Article #623) VTS Beta:SPX exposure when Aggressive, Safety, or Quasi Market Short

Sep 21, 2021

VTS Community,

Given all the uncertainties in the market right now, Evergrande, Fed taper talk, the debt ceiling, volatility metrics are in their upper ranges. Not yet what I'd call extreme, we've still got a small band above where we are now that would signal some negative market bias positions, but we're definitely in what I would call the red zone which means safety for our VTS portfolios.

Today we'll highlight the positions and market exposure of what the VTS portfolio's may look like in three general ranges:


Safety / Aggressive / Quasi market short


* Remember, Beta is a measurement of how much one instrument moves in relation to another. So I'm measuring our ETF holdings against the S&P 500 on a rolling 3 year period. As an example you can see the first one for GLD says 0.04. This means that on average when the SPX moves +1% the GLD moves up +0.04%, and vice versa. The XLU has a Beta of 0.65 meaning that it moves 0.65% of the moves of the SPX on average. I like to use rolling 3 year periods because it more reflects what's happening lately. Rolling 5 or even 7 year periods would work too, but these days I'm using 3 year.

Current positions and what I would call Safety


Since we don't ever use any leverage for our safety positions or the quasi market short positions, both the Leveraged Total Portfolio and the Total Portfolio Solution will have a similar Beta factor when we're at elevated volatility levels like we currently see.

Our current Beta:SPX is 0.08, essentially flat. If the SPX moves up 1% we can expect our current portfolio to move 0.08%. Likewise, if things go poorly in the wording of the Fed meeting for example and the SPX goes down -1%, we can expect to basically tread water at -0.08%. This is as close as we can get to a true safety position since the Beta is very close to 0.

* Anything can happen in single days so remember these are always longer term averages that will play out over multiple days and weeks. There are times when and ETF's Beta:SPX can deviate from longer term averages.

Stable market periods:

I am an investor that leans on the conservative side of things and values drawdown reduction over chasing big gains, but when the volatility metrics allow for it I find it to be a good risk reward trade off to ramp things up and increase the Beta exposure. If the market is calm and stable and volatility metrics are in their mid to lower ranges there's no reason not to start getting aggressive with positions.

Stable market periods when we are more Aggressive


The above positions are quite common for us in stable market periods and we can see the Beta:SPX will be much higher. For the Leveraged Total Portfolio and non-leveraged Total Portfolio Solution, Beta:SPX of 1.26 and 0.73 are quite normal for us to hold.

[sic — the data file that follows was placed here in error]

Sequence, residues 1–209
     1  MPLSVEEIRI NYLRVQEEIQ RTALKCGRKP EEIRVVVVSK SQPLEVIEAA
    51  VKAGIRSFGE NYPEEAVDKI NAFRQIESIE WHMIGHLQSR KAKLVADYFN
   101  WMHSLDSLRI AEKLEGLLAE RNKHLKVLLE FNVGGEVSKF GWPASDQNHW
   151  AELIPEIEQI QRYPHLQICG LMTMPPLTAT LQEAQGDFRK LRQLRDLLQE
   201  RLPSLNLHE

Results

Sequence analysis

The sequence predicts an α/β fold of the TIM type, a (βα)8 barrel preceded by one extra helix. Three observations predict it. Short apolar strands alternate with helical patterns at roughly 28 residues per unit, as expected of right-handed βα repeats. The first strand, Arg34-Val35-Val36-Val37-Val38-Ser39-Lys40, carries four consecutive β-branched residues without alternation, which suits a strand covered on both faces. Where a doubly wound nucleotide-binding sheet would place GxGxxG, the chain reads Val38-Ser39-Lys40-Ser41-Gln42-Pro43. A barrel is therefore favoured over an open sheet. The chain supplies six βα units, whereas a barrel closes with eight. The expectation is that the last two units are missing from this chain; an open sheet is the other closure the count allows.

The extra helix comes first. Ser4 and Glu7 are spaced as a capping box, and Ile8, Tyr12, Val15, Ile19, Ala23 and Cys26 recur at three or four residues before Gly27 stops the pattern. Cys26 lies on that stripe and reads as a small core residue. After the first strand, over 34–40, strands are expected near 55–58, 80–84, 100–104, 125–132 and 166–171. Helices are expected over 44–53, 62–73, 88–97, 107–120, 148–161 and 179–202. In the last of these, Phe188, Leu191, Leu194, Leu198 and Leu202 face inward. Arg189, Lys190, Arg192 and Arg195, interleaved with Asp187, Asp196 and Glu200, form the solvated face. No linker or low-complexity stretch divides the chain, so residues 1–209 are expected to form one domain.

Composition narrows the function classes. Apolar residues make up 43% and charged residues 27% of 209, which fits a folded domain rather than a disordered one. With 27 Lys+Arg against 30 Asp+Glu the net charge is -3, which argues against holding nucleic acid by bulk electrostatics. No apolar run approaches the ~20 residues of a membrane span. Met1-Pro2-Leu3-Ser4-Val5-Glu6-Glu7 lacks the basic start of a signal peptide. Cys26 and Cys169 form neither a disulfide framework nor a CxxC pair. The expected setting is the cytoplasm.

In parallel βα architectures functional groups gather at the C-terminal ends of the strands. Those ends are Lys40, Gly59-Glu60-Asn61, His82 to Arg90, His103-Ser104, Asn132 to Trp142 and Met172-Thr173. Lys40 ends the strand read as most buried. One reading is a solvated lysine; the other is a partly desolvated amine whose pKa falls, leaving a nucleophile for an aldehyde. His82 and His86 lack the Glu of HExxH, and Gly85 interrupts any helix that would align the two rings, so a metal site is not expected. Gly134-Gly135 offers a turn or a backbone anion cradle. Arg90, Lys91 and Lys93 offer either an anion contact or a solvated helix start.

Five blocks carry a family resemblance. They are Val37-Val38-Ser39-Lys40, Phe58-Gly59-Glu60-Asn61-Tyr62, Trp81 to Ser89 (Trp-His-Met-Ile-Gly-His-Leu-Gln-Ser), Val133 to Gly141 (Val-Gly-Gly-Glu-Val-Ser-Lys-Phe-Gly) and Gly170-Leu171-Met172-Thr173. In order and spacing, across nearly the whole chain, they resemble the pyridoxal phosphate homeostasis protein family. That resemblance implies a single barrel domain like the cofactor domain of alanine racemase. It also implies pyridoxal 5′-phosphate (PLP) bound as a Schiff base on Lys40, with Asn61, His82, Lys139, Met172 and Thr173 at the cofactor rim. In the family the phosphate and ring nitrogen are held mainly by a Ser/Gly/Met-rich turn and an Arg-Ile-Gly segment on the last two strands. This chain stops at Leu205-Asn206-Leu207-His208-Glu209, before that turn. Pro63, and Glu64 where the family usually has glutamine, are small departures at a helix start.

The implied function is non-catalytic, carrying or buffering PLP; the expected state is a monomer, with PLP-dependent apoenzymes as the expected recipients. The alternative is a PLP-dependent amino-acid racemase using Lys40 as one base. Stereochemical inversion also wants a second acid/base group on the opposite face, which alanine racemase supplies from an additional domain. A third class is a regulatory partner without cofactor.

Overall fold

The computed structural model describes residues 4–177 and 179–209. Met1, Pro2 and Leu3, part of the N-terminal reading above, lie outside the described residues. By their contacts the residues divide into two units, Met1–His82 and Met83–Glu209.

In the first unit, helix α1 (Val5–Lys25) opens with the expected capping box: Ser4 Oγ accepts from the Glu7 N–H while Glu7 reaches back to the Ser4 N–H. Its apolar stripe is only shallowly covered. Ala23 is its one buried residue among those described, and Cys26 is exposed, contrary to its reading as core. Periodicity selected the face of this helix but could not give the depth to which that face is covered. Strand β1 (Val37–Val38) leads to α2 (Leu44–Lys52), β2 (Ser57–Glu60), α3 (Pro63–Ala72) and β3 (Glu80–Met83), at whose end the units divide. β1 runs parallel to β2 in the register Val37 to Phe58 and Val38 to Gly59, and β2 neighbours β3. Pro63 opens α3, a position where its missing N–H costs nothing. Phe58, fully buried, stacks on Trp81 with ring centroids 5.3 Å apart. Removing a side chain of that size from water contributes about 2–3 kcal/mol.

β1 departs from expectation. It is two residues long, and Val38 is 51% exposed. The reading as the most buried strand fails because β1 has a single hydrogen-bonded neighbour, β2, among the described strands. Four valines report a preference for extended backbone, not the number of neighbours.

A note on the Vol Trend strategy Beta:

We can see the Vol Trend strategy has a Beta:SPX of -0.71. That is an estimate based more on times when the positions are going against us. That strategy sells out of the money short VXX Put Options with the goal of having the weekly contracts expire out of the money to collect premium. There's plenty of times when the practical Beta:SPX will be closer to 0. For 2021 our initial option strikes have averaged about 6% out of the money, so as long as the VXX doesn't drop more than 6% in the week that Beta:SPX will not be an issue and it can be zeroed out. That would mean there are times when the portfolio Beta:SPX is higher than those numbers you see.

Market crashes and quasi market shorts

I know in the last 18 months or so investors are getting very used to the market just bouncing every time there is even a 3-4% drawdown. "Buy the Dip" seems to be in full force lately. However, there will be times in the future that will break down and at some point the market is going to see some of those extended crash periods where the S&P can drop 15, 20, or even 50% or more in a prolonged recession.

I've always said VTS isn't just a fair weather portfolio. It can also be considered a Tail Risk portfolio because when the volatility metrics signal it, we do have the ability to tactically rotate into quasi market short positions and take advantage of any extended weakness.

Beta during market crashes when we're quasi market short


As you can see our portfolio will sometimes be constructed to take advantage of extended market downturns and recessions. We can get our Total Portfolio Solution and Leveraged Total Portfolio Beta:SPX to -0.57 and -0.67 respectively and potentially turn a nice profit during the madness.

Now we haven't seen one of those in a while so some of the VTS Community won't have seen any of those positions yet. We moved to 100% cash during the 6 weeks of the pandemic for reasons I blogged extensively about in early 2020 so it's been a few years since our portfolio saw any strong negative Beta exposure. However, they are ready to implement when volatility metrics signal trouble.


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